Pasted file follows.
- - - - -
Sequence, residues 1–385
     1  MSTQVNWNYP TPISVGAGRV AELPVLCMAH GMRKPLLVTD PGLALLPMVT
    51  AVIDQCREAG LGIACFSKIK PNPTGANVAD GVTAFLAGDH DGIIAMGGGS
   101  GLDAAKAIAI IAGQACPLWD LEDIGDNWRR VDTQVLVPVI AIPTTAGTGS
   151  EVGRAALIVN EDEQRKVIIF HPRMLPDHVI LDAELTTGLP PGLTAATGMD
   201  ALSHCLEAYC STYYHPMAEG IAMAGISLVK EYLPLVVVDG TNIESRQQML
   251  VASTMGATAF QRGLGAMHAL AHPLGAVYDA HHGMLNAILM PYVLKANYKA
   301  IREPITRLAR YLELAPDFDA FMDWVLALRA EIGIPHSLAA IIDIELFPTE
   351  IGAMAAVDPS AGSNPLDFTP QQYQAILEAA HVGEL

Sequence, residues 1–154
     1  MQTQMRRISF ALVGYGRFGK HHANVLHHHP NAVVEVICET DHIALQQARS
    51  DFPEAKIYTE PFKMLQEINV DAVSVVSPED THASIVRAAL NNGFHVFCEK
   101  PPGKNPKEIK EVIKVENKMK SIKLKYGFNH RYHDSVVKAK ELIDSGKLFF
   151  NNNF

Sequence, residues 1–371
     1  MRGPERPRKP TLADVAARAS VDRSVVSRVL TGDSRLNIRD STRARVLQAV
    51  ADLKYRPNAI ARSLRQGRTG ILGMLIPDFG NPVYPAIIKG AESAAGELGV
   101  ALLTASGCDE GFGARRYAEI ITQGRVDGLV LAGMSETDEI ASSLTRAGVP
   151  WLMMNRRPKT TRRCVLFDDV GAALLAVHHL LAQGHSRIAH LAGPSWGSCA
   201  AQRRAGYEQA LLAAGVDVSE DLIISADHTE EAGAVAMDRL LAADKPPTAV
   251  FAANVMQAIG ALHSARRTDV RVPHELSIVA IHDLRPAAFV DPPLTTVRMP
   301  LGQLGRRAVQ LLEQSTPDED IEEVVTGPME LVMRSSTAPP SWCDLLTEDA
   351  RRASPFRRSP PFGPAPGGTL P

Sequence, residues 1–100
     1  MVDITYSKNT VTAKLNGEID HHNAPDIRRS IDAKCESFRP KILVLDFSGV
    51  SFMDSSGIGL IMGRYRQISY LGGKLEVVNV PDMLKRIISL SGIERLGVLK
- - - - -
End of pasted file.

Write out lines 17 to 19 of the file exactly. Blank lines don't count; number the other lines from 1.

    51  ADLKYRPNAI ARSLRQGRTG ILGMLIPDFG NPVYPAIIKG AESAAGELGV
   101  ALLTASGCDE GFGARRYAEI ITQGRVDGLV LAGMSETDEI ASSLTRAGVP
   151  WLMMNRRPKT TRRCVLFDDV GAALLAVHHL LAQGHSRIAH LAGPSWGSCA